Realtors and an anonymous major donor have so far provided about one-fifth of the money it will take to help Payson’s hard-pressed recreation programs make it through until next January.
“I’m optimistic, very optimistic. We’re getting a good response,” said Bill Ensign, who heads Friends of Payson Parks and Recreation.
The group has raised just over $10,000, with several thousand dollars in additional pledges, but needs $47,000. That money would make up for cuts in the Parks and Recreation department’s budget, imposed as a result of lagging revenue projections in December.
At that time, Town Manager Debra Galbraith laid off the department’s director and all the part-time and seasonal workers — about 120 people in all. Parks suffered the biggest hit of any town department, and town officials feared they would have to devastate a host of recreation programs and sports leagues.
Friends of Parks worked with the town to come up with fund-raising targets that would protect all the major programs, with target dates for the amount needed. Out of the $47,000, about $8,600 would go to youth sports, $13,066 to adult sports, $12,682 to outdoor recreation and $2,550 to the pool.
Ensign said even before the group launched its formal fund-raising drive, generous donors stepped forward.
One Payson resident donated $5,000 — half the total raised so far. However, he didn’t want any public credit for the gift.
In addition, ERA Realty donated $1,000 and the Central Arizona Board of Realtors donated another $2,500.
“I was just absolutely blown away,” said Ensign of the big, initial gifts. “It’s a wonderful example for them to set as we start talking to some other folks.”
Ensign said the fund-raising goal was intended to get the recreation programs through the next year, on the assumption that the recession will ease and tax revenues will rise by this time next year.
He said town officials had assured Friends the town would foot the bill for keeping the pool open next summer.
The pool remains the parks department’s most expensive program, but it also gets the heaviest use.
The pool gets about 20,000 admissions annually and costs about $120,000 more than it brings in.
All the rest of the paid parks programs combined get more than 6,000 participants — which still amounts to about a third of the town’s population. Those classes, leagues and events come much closer to breaking even than the pool — especially the youth programs. However, most have lost the part-time paid staff that once administered the programs, refereed the games, coached the teams and taught the classes.
The town has put out its own appeal for anyone willing to volunteer time to help run the sports leagues and classes.
Meanwhile, Friends this week released a detailed summary of the cost of the programs it hopes to save with enough community support.
That breakdown included:
• Part-time workers — It will cost $30,000 to hire enough part-time workers to run all the scheduled programs for the next five months. It will take an extra $23,000 to get through until June of 2010.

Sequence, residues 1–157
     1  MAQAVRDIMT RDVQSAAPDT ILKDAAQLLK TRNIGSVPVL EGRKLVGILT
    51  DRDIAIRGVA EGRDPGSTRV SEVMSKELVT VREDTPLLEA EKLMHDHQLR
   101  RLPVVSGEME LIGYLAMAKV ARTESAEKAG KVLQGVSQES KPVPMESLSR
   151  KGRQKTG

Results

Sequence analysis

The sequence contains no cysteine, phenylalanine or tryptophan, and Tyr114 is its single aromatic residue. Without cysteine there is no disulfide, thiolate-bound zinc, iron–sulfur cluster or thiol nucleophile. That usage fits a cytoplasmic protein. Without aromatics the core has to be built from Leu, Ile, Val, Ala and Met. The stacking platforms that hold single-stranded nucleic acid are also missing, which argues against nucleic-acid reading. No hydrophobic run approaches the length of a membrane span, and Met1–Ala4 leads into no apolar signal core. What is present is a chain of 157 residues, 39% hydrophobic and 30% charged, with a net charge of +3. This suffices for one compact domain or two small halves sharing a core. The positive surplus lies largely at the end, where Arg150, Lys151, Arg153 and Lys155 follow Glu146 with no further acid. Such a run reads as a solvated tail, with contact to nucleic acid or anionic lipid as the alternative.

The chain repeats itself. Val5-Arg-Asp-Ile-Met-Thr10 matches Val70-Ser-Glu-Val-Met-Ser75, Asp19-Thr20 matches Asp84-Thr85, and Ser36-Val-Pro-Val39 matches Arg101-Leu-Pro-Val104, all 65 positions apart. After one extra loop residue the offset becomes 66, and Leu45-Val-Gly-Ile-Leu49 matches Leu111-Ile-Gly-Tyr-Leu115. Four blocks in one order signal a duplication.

• Trails system — Friends has already donated $5,826 to continue work on the Payson Area Trails System, a 50-mile-long network of hiking and riding trails that connects every area in town to a huge network of Forest Service trails. The town hopes the roughly half-finished trails system will provide safe, easy recreation for residents — and serve as a major draw for visitors. Volunteers have done much of the work so far, but the town council cut the money for staff support and supplies for the rest of the current fiscal year.
• Event Center — The town council also cut funding to pay for part-time people who have worked to promote and stage events at the Payson Event Center. Friends hopes to raise money to support programs at the rodeo grounds.
• Events — The town has announced an ambitious schedule that includes perhaps 100 special weekend events in the next 12 months, including the re-enactment of a Civil War battle, the revival of the logger-oriented Sawdust Festival, new events connected to the Payson Rodeo and many other events and festivals. Such events can bring thousands of visitors to town, but often require money for facilities and to support volunteers. Friends hopes to raise money to help offset some of those costs.
Ensign said the campaign to raise money will rely mostly on e-mails and word of mouth, since there’s no budget for mailers or ads or phone banks.
“I’ve sent out an e-mail to everyone I can think of, and the other board members are doing the same,” said Ensign. “So we’re starting to get a response from that.”
The eight board members have all promised to button hole their networks of friends and supporters in the town. Members of the board include two town council members — John Wilson and Su Connell — in addition to school board member and realtor Rory Huff. Other board members include Sharon Strople, Jim Buettner, Earl Davis and Alan Michels.
To make a tax-deductible contribution, send a check to Friends of Payson Parks and Recreation, 1000 N. Beeline Highway #143, Payson, AZ 85541.
For information or to help with the fund-raising drive, contact Ensign at the same address.
Ensign said he hopes other businesses will follow the lead of the Realtors who have already contributed — despite the terrible year they’ve been having as a result of the slump in housing.
“It’s interesting we’re so quick to criticize the real estate industry, but they’re the ones who are coming forward. We need help and they’re willing to stand up and help — and I’m sure there are lots of other people out there willing to do the same.”